DataSet needs to know the main frame/window that will contain the data set and it's MDI views. Likewise, the
ViewForm constructor needs to know the parent window/frame as well as the data set to which it is suppose to display.
public DataSet( System.WinForms.Form parentForm )
public ViewForm(IDocument doc, System.WinForms.Form parentForm )
The nice thing about Interfaces, they act like base classes in that you can use then to define method parameters and variables. Any class implementing that interface can be used or assigned to that variable or parameter. This allows code to be written in a slightly more generic way, like the constructors and the list iterations earlier.
Again, keep in mind that this is more a "proof-of-concept" that a full blown application, there are several things which should also be addressed which I will not be handling in the scope of this article. Additional bookkeeping like handling the Frame Close event and disposing the data set if all views on it are closed separately are left as an exercise to the reader.
Comfortable with things so far? Easy right? So what's the big deal? Let's screw things up a bit., suppose the requirements of the application require an additional view, a different presentation of the same data set, something like a tree view. An example might be a painting package that uses layers. The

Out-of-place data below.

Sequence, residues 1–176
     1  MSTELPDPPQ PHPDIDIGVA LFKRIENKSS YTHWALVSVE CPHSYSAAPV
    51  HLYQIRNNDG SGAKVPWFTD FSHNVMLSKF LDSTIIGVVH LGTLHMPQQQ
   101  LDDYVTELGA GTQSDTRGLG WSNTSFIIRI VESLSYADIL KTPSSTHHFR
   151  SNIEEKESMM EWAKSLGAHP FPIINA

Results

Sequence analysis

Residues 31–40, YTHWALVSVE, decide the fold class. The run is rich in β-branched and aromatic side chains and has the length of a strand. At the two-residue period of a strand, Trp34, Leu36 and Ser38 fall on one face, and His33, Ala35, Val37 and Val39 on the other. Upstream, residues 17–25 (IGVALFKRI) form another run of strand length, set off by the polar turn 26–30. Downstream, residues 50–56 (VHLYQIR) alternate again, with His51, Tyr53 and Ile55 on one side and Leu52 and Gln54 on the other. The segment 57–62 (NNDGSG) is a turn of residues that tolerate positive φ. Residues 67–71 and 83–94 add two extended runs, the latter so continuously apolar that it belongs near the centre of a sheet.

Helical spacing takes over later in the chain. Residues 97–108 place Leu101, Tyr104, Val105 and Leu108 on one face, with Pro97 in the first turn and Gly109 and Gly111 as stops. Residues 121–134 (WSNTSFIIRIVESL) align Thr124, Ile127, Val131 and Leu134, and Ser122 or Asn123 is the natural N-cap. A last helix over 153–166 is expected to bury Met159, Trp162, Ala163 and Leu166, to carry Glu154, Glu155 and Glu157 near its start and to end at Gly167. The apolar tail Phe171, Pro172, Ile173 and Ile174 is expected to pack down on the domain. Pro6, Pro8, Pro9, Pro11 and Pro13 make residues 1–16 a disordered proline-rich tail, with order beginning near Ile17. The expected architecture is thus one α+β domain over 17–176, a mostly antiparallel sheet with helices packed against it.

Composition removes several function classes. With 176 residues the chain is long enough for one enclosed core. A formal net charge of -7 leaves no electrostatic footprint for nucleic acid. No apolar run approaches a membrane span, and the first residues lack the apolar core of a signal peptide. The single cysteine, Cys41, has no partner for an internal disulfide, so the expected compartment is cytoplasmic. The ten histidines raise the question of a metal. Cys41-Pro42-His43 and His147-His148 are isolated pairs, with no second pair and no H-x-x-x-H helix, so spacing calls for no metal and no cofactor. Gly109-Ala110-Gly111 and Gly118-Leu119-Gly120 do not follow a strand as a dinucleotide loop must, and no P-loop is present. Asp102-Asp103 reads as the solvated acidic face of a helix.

FormViews discussed earlier might represent the graphical representation of the piece of work, displaying the content of each separate layer or the total composite image. The tree view might then present each layer as a node with the graphical elements within each layer presented as the leaves of the node. What, then, are the typical characteristics of a tree view?
- It generally does not get disposed when the document closes.
- There is rarely, if ever, multiples of the same type of tree views for different projects, the same tree view will be reset with the new data to be displayed.
- Tear-off type docking (beyond the scope of this article)
This doesn't enumerate all the typical characteristics of a tree view, just enough to see that this is quite a different kind of view on the world than what we've done so far, but we still want it to use the
IView interface because it needs to know what the data set is and when the data set has changed and the view needs to be updated.
The tree view implementation will be pretty much like the
ViewForm implementation, implementing the interface methods and containing the constructor modification., the problems begin in the data set. The data sets
UpdateAllViews method uses the
IView as the base which implements the interfaces expected method to trigger an update by the view, this isn't a problem, in fact, this is a nice feature of using the Intrerface method. The problem lies in the
CloseAllViews method. This method makes two erroneous assumptions, first that all views attached to the data set will be of a
WinForm.Form base (unlikely but possible), and the second that all views attached to the data set want to be closed when the data set closes. This leaves us basically two options, we can either add an interface method to close the view so that all views that implement the